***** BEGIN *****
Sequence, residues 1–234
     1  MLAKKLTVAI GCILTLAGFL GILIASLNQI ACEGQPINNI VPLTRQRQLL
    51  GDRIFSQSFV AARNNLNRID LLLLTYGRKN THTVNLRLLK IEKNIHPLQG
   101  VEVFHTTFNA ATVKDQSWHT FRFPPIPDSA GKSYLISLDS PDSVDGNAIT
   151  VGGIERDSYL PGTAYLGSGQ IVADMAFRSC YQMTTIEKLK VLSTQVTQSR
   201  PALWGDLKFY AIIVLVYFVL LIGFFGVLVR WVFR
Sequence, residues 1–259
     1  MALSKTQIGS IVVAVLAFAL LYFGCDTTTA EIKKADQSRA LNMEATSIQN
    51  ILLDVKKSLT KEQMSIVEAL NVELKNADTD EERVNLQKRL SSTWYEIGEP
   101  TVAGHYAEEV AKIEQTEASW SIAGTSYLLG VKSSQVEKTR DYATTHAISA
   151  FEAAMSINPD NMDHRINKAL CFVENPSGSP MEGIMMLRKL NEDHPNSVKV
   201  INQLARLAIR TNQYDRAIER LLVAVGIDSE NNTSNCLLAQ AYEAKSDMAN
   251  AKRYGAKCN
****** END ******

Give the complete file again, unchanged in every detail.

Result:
Sequence, residues 1–234
     1  MLAKKLTVAI GCILTLAGFL GILIASLNQI ACEGQPINNI VPLTRQRQLL
    51  GDRIFSQSFV AARNNLNRID LLLLTYGRKN THTVNLRLLK IEKNIHPLQG
   101  VEVFHTTFNA ATVKDQSWHT FRFPPIPDSA GKSYLISLDS PDSVDGNAIT
   151  VGGIERDSYL PGTAYLGSGQ IVADMAFRSC YQMTTIEKLK VLSTQVTQSR
   201  PALWGDLKFY AIIVLVYFVL LIGFFGVLVR WVFR
Sequence, residues 1–259
     1  MALSKTQIGS IVVAVLAFAL LYFGCDTTTA EIKKADQSRA LNMEATSIQN
    51  ILLDVKKSLT KEQMSIVEAL NVELKNADTD EERVNLQKRL SSTWYEIGEP
   101  TVAGHYAEEV AKIEQTEASW SIAGTSYLLG VKSSQVEKTR DYATTHAISA
   151  FEAAMSINPD NMDHRINKAL CFVENPSGSP MEGIMMLRKL NEDHPNSVKV
   201  INQLARLAIR TNQYDRAIER LLVAVGIDSE NNTSNCLLAQ AYEAKSDMAN
   251  AKRYGAKCN